From the description of Autograph letter signed : [n.p.], probably to the editor of the Daily Express, [n.d., late April 1930]. (Unknown). WorldCat record id: 270661277
Arthur Evelyn St. John Waugh, born October 28, 1903, was the second son of Arthur, a managing director of Chapman & Hall, Publishers, and Catherine Raban Waugh. Reading and writing played a significant role in the home-life of young Evelyn, whose older brother Alec also became a well-known writer. Waugh began writing and illustrating short stories at the age of four, and at the age of nine he and a group of friends produced a creative magazine for their Pistol Troop club.
In addition to his youthful interest in writing, Waugh developed a strong interest in religion. When his brother's escapades made it impossible for Waugh to follow the family tradition of attending Sherbourne prep school, his father found a place for him at Lancing, a school with a strong religious tradition. During his tenure at Lancing, Waugh performed well in his studies, developed into something of a social bully, decided that he was an atheist, and earned a scholarship to Hertford College, Oxford.
When Waugh entered Oxford in 1922 he found his new freedom to be intoxicating. He soon found himself part of a crowd similar to the one he later described in Brideshead Revisited (1945), which included Harold Acton. He did very little studying and left after two years with many experiences and debts, but no degree. After a brief foray into art school he took a series of low-paying teaching positions. In 1927 he began to write steadily and launched himself into a successful career.
The critical success of his first book, a biography, Rossetti: His Life and Works (1928), and the popular success of Decline and Fall (1928) brought Waugh to the attention of the reading public. The financial success of Decline and Fall made it possible for Waugh to marry Evelyn Gardner, called She-Evelyn by their friends. The marriage was short lived, but served as a backdrop for several of Waugh's later works, including Vile Bodies (1930) and Labels: A Mediterranean Journal (1930). Also in 1930, Waugh converted from Anglicanism to Roman Catholicism.
For the next several years Waugh spent his time writing short stories, travel books, a biography of Edmund Campion, and several more novels including Black Mischief (1932), A Handful of Dust (1934), and Scoop (1938). He obtained an annulment of his first marriage and in 1937 married Laura Herbert, with whom he had seven children.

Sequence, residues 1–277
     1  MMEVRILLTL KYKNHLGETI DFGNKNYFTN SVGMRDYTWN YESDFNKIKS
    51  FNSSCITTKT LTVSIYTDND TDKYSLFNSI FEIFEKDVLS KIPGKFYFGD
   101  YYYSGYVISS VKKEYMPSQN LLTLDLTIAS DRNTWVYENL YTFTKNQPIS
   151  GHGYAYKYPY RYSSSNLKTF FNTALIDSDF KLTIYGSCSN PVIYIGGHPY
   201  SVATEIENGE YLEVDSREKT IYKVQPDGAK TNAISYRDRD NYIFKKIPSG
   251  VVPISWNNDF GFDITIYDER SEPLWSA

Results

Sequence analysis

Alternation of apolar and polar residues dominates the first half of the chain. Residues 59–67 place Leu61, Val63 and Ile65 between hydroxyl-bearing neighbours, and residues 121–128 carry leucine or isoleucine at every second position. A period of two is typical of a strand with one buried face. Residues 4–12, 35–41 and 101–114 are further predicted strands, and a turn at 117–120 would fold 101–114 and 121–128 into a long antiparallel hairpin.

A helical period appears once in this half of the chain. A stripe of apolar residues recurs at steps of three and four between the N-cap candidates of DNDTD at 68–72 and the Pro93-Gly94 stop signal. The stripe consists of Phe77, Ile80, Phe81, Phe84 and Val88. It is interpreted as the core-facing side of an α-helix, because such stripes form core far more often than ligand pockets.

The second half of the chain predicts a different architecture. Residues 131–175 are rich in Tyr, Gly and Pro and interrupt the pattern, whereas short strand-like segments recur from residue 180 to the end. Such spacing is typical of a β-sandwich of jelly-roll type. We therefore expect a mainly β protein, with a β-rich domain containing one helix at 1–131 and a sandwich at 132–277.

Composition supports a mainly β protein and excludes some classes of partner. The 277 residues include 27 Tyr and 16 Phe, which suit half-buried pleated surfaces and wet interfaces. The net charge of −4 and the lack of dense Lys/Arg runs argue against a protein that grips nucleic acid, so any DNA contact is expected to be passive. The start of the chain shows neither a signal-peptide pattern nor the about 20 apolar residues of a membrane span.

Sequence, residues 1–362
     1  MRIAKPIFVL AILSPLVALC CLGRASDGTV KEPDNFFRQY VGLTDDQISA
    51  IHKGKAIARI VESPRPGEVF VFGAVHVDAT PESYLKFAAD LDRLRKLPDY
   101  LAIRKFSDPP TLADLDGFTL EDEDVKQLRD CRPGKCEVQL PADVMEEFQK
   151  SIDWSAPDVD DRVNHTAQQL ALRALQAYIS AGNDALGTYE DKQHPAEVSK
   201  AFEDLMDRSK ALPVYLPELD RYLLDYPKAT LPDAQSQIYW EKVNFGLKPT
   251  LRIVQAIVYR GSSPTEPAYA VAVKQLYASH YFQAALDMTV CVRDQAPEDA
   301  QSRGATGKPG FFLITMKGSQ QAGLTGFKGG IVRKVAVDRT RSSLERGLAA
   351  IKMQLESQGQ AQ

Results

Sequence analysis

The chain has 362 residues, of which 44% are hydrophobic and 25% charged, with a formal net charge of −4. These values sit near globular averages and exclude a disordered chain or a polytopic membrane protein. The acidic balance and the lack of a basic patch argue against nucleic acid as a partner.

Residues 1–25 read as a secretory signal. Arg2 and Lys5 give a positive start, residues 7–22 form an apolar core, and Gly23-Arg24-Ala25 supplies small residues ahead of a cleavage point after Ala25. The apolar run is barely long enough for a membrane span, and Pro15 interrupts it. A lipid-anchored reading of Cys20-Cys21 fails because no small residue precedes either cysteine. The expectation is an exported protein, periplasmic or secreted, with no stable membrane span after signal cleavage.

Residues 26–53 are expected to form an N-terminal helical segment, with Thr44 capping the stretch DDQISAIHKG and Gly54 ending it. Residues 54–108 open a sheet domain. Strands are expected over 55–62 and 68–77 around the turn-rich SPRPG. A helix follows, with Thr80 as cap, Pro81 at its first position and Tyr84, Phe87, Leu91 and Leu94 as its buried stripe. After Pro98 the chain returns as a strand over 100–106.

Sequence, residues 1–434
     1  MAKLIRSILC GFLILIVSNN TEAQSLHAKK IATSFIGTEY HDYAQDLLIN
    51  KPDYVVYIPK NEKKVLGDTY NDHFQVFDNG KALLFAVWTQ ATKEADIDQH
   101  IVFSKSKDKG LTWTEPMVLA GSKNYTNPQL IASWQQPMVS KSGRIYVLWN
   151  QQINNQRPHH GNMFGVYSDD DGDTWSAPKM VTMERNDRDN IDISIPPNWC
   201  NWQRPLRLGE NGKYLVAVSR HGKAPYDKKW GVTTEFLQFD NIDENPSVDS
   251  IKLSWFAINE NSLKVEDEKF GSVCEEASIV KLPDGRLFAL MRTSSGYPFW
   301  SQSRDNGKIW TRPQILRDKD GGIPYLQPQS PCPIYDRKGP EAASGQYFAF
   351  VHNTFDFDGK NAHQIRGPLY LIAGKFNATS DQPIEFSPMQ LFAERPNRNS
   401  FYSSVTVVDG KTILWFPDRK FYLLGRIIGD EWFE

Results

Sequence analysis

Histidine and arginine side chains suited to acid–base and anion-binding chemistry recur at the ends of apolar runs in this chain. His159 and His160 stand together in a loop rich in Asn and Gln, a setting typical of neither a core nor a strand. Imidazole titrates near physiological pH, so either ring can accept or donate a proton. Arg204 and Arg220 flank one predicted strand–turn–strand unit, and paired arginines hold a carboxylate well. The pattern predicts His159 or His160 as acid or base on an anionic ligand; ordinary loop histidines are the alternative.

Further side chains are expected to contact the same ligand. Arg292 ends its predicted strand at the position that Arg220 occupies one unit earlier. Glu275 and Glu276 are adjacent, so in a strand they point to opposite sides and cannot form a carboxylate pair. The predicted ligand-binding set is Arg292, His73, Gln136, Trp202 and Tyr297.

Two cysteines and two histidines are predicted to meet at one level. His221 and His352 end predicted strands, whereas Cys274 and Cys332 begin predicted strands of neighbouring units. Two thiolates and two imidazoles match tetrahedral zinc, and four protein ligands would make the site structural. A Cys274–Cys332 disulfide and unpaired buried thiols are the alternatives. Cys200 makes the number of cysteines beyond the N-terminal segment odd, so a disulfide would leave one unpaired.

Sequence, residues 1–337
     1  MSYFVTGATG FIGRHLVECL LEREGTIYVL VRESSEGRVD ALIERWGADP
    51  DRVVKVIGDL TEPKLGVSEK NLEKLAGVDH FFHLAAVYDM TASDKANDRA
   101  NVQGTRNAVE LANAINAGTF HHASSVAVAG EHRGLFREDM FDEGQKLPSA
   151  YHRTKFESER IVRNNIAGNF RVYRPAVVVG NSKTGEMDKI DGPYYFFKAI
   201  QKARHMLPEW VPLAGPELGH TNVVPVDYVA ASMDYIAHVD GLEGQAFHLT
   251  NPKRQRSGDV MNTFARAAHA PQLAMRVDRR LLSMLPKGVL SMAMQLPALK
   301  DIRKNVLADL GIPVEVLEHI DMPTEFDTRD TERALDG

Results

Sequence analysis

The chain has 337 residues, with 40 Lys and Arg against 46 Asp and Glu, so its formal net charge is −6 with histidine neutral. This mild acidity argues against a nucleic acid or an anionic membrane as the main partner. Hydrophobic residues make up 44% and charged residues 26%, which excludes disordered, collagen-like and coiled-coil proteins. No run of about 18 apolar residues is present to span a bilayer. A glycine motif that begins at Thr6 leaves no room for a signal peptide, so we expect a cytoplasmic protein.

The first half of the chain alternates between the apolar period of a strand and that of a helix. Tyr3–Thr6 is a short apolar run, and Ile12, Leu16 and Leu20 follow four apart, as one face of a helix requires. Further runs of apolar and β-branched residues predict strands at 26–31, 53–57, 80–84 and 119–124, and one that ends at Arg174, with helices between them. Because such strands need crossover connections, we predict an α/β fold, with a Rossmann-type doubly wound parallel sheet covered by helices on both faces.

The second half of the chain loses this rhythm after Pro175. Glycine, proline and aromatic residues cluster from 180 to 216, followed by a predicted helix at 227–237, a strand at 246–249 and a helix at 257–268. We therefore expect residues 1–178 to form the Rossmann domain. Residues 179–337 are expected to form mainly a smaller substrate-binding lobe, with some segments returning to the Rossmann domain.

1939 brought the start of WWII and Waugh took the earliest opportunity to join in the defense of England. As part of the Home Guard in 1940 he participated in the fiasco of the Battle of Crete which was the basis for Put Out More Flags (1942). Waugh was not a good leader, despite fearless action in the face of battle, and in 1943 he resigned from his Commando unit. In 1944 he was sent to Yugoslavia as part of a mission to shore up Tito's partisan efforts in the German held territory. During this mission he completed his best known and most controversial work, Brideshead Revisited (1945).
Discharged from the military in 1945, Waugh continued to write and travel. He went to Hollywood in 1947 to work on a screenplay for Brideshead, which fell through when he refused to give up the final say on the script. While he was in California he found a rich source of material: Forest Lawn Memorial Park. This lavish funeral home inspired Waugh to write The Loved One (1948), one of his funniest and most popular books.
Waugh continued to write, though he became increasingly reclusive. Growing health problems related to a lifetime of heavy drinking, smoking, and the use of sedatives to induce sleep, limited public appearances. On a cruise in 1956 he suffered a bout of paranoid hallucinations which formed the centerpiece of his most autobiographical novel the Ordeal of Gilbert Pinfold (1957). Waugh lived until 1966, ending his writing career with the publication of The Sword of Honor Trilogy (1965).
From the guide to the Evelyn Waugh Collection TXRC99-A13., 1843-1994, (bulk 1910-1966), (Harry Ransom Humanities Research Center, University of Texas at Austin)
Waugh's first wife was Evelyn Gardner Waugh.
From the description of Letters and manuscripts, 1927-1965. (Columbia University In the City of New York). WorldCat record id: 122362204
Waugh is known primarily for his satirical novels, which criticized London society in the early twentieth century. He also produced a number of other works, including biographies, travel books and short stories. He became a Catholic in 1930.
From the description of Evelyn Waugh Collection, 1941-1982. (Boston College). WorldCat record id: 35816662
|Place Name||Admin Code||Country|
|Aristocracy (Social class)|
|Letters 20th century|
|Male authors, English|
|Speech and social status|